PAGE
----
I want to go on record as hating "potential." And "promise," too--promise is a real bastard.
Now, I assess potential all the time: in the classroom, in recommendation letters, and in job interviews. I don't expect this to stop soon. But potential is always a projection, and the younger or more junior a person is the easier it is to read him through the lens of your own experiences and biases. This student reminds me of that other student! So, she'll probably turn out the way that one did. This job candidate got his degree from Program X! So, he's probably about as strong as their other grads.
Or: I've never seen a person like this succeed. So I won't believe it until I see it.
I make such judgments when I have to, but I'm wary of them. I'm wary even though, as an Ivy-degreed white lady, the promise game has long been rigged in my favor. As far back as I can remember, I hated being evaluated by my potential. I wanted to have done something, not to be judged capable of doing it eventually. And I was terrified that those judging me were wrong: that their assessments were based on something trivial, some one smart thing I had said or done, or some superficial resemblance between me and a prior success. It was nice to be thought well of. But I never really believed it.
(Which may, incidentally, have something to do with my predilection for uncomforting or unkind authority figures.)
So I never understood the grousing in certain quarters about grad students becoming "too professionalized," and I never understood those who were sorry to trade their graduate institution affiliation on their name-badge for that of the less-elite institution that had hired them. To me, "professionalization" was a relief: I could stop worrying about whether I sounded like an idiot in my graduate seminars, or whether I was sufficiently praised and petted, and by whom, and what it all meant--instead, I had concrete goals like attending conferences and publishing articles. And as for my name badge? I hated worrying that people were only talking to me because they thought I was junior faculty at my alma mater. The place that hired me as a lecturer, and then the place that hired me as an assistant professor? Dude, I got those jobs.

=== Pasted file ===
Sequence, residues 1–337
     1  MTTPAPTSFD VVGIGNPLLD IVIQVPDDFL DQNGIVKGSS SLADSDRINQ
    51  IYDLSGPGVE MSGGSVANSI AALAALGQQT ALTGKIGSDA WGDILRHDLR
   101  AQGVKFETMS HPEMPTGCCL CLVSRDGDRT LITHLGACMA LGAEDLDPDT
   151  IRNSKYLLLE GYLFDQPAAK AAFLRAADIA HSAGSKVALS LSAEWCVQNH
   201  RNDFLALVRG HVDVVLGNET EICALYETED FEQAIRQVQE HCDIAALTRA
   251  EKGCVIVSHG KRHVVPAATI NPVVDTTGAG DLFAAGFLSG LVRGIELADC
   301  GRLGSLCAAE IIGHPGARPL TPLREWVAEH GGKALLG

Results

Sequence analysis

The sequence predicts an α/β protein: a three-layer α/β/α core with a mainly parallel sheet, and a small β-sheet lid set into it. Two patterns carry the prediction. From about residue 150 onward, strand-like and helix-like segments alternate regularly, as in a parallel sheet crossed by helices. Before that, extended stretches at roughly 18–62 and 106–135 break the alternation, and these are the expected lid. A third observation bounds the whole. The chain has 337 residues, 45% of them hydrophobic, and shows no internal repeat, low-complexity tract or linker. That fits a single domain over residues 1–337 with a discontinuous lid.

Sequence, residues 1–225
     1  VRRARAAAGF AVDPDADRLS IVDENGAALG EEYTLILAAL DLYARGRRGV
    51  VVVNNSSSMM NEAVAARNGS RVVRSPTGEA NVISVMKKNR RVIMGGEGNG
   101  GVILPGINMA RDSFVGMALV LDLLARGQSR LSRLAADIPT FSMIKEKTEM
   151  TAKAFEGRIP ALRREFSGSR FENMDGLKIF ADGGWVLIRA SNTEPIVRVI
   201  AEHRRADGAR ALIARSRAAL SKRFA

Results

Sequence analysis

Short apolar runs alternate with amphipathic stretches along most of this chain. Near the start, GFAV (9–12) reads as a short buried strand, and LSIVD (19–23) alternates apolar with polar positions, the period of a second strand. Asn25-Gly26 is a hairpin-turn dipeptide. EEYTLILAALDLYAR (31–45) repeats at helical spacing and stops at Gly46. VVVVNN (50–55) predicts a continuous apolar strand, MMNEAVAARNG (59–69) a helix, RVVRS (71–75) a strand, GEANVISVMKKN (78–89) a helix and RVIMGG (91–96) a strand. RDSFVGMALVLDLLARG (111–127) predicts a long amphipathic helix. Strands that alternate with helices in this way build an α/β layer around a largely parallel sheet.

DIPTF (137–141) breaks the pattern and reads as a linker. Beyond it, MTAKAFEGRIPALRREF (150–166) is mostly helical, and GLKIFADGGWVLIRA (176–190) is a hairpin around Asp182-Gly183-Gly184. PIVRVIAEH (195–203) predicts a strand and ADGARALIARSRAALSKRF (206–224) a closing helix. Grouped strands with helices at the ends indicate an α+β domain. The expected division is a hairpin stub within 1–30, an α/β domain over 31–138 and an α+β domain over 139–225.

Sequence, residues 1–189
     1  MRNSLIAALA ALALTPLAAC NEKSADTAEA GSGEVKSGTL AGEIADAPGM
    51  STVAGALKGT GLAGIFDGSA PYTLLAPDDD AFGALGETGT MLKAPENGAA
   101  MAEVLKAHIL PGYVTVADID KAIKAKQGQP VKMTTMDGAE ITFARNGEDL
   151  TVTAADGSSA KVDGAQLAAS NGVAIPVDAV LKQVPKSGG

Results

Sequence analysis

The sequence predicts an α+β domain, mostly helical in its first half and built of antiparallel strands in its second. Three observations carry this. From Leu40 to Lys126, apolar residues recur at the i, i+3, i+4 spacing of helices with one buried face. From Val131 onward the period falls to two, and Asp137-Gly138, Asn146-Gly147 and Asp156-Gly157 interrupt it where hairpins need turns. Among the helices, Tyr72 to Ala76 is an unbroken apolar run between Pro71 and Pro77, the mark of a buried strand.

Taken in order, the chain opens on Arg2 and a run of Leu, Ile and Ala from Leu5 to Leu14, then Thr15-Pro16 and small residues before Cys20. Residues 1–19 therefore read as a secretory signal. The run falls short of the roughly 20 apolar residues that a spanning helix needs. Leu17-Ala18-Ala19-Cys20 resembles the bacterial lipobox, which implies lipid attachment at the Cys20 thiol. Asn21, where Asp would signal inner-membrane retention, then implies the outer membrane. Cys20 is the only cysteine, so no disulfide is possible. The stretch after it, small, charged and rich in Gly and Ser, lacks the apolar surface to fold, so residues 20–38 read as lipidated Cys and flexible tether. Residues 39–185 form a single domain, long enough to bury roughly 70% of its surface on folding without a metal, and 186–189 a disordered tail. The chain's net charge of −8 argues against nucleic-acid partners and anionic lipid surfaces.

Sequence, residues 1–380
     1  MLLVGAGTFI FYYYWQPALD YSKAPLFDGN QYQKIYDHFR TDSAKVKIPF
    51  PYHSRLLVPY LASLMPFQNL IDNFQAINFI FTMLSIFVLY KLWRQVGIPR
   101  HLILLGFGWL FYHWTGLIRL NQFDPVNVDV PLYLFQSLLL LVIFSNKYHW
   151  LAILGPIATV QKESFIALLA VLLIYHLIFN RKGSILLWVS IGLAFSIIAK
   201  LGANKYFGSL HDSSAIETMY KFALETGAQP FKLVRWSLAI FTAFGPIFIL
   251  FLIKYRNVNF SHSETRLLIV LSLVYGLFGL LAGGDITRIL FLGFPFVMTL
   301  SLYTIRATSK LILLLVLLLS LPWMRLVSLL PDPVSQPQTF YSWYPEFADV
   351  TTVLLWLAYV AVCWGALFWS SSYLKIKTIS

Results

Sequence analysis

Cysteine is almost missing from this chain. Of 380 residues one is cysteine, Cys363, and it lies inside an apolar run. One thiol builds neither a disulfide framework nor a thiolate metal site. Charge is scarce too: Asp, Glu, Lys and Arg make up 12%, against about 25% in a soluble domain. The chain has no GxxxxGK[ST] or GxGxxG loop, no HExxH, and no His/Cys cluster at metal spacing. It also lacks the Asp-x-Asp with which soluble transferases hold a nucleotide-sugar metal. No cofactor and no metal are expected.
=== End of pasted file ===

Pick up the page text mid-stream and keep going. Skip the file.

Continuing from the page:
Indeed, the best thing about my current career stage may be my confidence that any judgements about my "potential" are now--for the most part--grounded in what I've actually done.
I don't presume that my specific neuroses are widely shared, and I know that many people of my class and background are at least a little sad that they no longer live in a world of limitless options (now I'll never live in a yurt! now I'll never play saxophone on the streets of Paris!). But on the whole, even the most golden of former golden boys and girls seem happier and more grounded as adults than they were as students.
And in any case, we're past that now, all of us: past the stage where our futures are being constructed out of whole cloth by our elders: those people who thought they could predict who, at age eighteen or twenty-two--or who among a group of unpublished, inexperienced ABDs--would go on to stardom.
Well, most of us are past that.
Some people, it seems, still do get described chiefly in terms of their potential or promise, even many years into their career (and/or absent much experience or success in it). And some people get to be The Next Big Thing year after year, or are regarded as up-and-comers for decades.
If I dislike the rhetoric of potential when applied to those who are nothing but potential, I especially dislike it when applied to those who really should have delivered on it by now.